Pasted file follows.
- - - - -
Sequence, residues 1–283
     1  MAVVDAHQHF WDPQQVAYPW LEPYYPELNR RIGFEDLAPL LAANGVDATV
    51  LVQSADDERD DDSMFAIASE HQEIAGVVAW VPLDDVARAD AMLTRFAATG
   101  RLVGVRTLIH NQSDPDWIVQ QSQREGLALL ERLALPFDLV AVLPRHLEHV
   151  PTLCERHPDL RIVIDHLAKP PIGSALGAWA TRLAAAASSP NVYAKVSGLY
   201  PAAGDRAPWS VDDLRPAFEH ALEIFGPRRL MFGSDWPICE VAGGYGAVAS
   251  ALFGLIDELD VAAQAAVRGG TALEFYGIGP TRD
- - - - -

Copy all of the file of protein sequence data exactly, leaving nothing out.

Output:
Sequence, residues 1–283
     1  MAVVDAHQHF WDPQQVAYPW LEPYYPELNR RIGFEDLAPL LAANGVDATV
    51  LVQSADDERD DDSMFAIASE HQEIAGVVAW VPLDDVARAD AMLTRFAATG
   101  RLVGVRTLIH NQSDPDWIVQ QSQREGLALL ERLALPFDLV AVLPRHLEHV
   151  PTLCERHPDL RIVIDHLAKP PIGSALGAWA TRLAAAASSP NVYAKVSGLY
   201  PAAGDRAPWS VDDLRPAFEH ALEIFGPRRL MFGSDWPICE VAGGYGAVAS
   251  ALFGLIDELD VAAQAAVRGG TALEFYGIGP TRD